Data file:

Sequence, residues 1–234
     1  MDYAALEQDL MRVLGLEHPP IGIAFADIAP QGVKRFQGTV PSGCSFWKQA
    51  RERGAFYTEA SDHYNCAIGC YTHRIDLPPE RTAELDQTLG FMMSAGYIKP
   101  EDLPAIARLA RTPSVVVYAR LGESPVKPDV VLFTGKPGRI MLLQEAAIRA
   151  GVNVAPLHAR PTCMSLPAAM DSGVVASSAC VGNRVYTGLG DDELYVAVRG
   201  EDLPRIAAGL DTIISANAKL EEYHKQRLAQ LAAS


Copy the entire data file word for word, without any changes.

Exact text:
Sequence, residues 1–234
     1  MDYAALEQDL MRVLGLEHPP IGIAFADIAP QGVKRFQGTV PSGCSFWKQA
    51  RERGAFYTEA SDHYNCAIGC YTHRIDLPPE RTAELDQTLG FMMSAGYIKP
   101  EDLPAIARLA RTPSVVVYAR LGESPVKPDV VLFTGKPGRI MLLQEAAIRA
   151  GVNVAPLHAR PTCMSLPAAM DSGVVASSAC VGNRVYTGLG DDELYVAVRG
   201  EDLPRIAAGL DTIISANAKL EEYHKQRLAQ LAAS